I've found fat lighter in old fir seems. Hooooeeee! :)





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Offline HemlockKing

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Re: Hottest burning?
« Reply #29 on: March 16, 2021, 06:48:33 AM »
Got to wondering this weekend, which burn the hottest?  Not talking about maximum btu, but most heat output per unit of time. Obviously there will variability based on size, shape and stove type. Assuming 3" split, good air dry and a high draft reburn sauna stove, what does the hive mind think?  My options are black spruce, balsam fir, jack pine, quaking aspen, tamarack, paper birch. Also some buckthorn and tag alder.  My gut says jack pine. Any thoughts?
Black spruce I would say. I recently cut up some tamarack for some firewood and boy does that wood have a nice smell to it!
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Offline Sauna freak

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Re: Hottest burning?
« Reply #30 on: April 12, 2021, 11:24:03 PM »
For anyone still following this...at least in a 7x7x6,8high sauna with a Tylo Helo CK612 stove, I have my answer.

Of the woods tested, through 3 sauna sessions, finely split black spruce won the race.  Sauna was up to 175F in aprox 1 hour with similar start up conditions inside and outside.

Small, pitchy jack pine with lots of limbing scars that had healed over with pitch was a close second.

Birch was a disappointment.  Ended up adding some pine, spruce, balsam fir edging pieces to get it up to 175F, but it then held a steady temp at or above that sweet spot.  My birch was split a little larger than the others, and contained many knotty pieces.  I think with some straight grain and finer splits, it might fare better.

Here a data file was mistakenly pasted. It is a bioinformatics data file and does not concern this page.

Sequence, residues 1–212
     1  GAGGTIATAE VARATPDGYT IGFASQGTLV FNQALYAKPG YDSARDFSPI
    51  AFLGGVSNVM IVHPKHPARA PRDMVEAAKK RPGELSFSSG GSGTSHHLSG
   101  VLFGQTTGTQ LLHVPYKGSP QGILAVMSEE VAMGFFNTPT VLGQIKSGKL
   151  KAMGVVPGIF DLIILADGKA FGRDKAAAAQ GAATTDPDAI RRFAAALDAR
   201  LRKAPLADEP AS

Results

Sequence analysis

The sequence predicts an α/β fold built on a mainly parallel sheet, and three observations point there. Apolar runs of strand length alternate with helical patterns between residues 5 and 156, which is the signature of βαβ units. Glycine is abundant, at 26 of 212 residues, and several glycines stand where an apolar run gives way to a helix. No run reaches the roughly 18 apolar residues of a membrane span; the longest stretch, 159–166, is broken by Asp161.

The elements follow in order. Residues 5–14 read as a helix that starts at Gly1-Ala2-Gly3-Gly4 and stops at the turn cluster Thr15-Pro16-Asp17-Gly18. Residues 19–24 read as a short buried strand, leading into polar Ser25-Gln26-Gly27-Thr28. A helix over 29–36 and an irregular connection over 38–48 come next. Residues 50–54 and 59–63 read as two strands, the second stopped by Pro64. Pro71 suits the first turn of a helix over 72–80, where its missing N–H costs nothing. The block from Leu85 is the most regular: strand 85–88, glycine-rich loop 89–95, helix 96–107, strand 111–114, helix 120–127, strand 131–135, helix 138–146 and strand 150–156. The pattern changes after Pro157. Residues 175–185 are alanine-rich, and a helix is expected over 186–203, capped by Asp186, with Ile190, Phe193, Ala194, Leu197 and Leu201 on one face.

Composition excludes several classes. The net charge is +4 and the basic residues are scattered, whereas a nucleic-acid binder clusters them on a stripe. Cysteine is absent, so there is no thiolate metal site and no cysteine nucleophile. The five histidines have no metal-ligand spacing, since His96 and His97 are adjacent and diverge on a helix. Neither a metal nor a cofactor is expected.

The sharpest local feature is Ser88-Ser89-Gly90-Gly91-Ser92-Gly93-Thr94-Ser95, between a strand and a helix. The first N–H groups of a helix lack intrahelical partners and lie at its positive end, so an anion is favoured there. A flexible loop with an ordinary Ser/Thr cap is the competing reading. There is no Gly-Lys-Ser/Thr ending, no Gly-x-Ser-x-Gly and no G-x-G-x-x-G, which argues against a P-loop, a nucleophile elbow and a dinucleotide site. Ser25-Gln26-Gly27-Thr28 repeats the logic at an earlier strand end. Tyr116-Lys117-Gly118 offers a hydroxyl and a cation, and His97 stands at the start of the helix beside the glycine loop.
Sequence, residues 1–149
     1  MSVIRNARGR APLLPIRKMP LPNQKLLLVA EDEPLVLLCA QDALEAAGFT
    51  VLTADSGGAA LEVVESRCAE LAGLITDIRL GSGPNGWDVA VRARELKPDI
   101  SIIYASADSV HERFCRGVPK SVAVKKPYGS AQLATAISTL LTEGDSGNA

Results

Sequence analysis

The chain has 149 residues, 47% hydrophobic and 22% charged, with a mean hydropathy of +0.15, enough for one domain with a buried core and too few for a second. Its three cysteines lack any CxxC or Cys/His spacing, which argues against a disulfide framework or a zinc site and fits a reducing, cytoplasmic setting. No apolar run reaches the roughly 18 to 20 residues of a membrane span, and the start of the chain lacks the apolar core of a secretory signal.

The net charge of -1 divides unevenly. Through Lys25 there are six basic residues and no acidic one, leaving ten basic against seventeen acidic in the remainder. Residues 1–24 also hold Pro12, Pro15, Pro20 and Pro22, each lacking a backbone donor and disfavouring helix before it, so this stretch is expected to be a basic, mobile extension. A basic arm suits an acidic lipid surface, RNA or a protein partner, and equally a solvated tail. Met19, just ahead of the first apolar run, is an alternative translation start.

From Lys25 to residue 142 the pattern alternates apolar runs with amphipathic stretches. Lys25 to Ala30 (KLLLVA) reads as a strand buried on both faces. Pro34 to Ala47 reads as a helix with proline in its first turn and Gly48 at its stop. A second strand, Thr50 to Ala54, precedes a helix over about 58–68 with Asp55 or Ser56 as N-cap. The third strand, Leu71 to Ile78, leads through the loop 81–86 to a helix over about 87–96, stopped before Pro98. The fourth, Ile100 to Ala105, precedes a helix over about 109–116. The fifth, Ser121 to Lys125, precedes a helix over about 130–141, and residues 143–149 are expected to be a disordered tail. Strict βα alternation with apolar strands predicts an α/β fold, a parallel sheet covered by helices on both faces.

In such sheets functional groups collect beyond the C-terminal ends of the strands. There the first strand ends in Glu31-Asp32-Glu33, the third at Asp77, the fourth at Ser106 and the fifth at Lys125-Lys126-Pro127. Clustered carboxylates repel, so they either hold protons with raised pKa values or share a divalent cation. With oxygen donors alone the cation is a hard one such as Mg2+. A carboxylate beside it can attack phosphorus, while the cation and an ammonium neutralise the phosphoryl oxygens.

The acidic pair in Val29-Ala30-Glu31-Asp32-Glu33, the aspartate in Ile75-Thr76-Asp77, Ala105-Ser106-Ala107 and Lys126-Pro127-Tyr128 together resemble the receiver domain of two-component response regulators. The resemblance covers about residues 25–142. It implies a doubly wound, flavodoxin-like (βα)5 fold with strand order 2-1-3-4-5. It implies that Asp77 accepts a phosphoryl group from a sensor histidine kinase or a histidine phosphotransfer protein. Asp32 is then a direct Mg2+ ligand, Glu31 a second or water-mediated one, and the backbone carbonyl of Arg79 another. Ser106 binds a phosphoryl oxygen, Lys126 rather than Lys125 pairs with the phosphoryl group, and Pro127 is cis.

Did not test Red Pine, Tamarack or Balsam fir as I didn't have sufficient quantities dried out.

I've never really burned much black spruce other than some odds and ends cleared from trails or shooting lanes.  I have a lot of it and it performed amazingly well in the sauna, and also quite well in the Jotul that heats the cabin.  Burned a lot like really dry red oak in my experience.  Good hot fire with lots of air, but responded well to damping down, making and holding a nice bed of long lasting coals.  A pleasant bright white/orange burn with lots of cheery popping and snapping!  Would not recommend for an open hearth burn.  It was very easy to process (other than the limbing), which was a nice bonus.

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Re: Hottest burning?
« Reply #31 on: April 16, 2021, 07:03:28 PM »
I burn a lot of black spruce from thinning my plantation trees. Lots of heat for sure, but I love fir to. Splits as easy as white birch, one whack with the maul. Black spruce is a bear to split. ;D Bark beetles like cut spruce, so watch where you store to dry it. In your basement they will head to your windows. ;)
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Offline Sauna freak

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Re: Hottest burning?
« Reply #32 on: April 19, 2021, 07:00:10 AM »
Interesting, I didn't find the black spruce all that hard to split.  Just need to miss the knots.  Not as easy as Balsam or clear birch, but most logs were one pop with the Fiskars.  Probably helped that the tree was sound standing dead and dry as a popcorn fart and less than 12" at the base.
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xx
Still burning

Started by petefrom bearswamp on Firewood and Wood Heating

20 Replies
4608 Views
Last post May 13, 2013, 05:50:32 PM
by Local4Fitter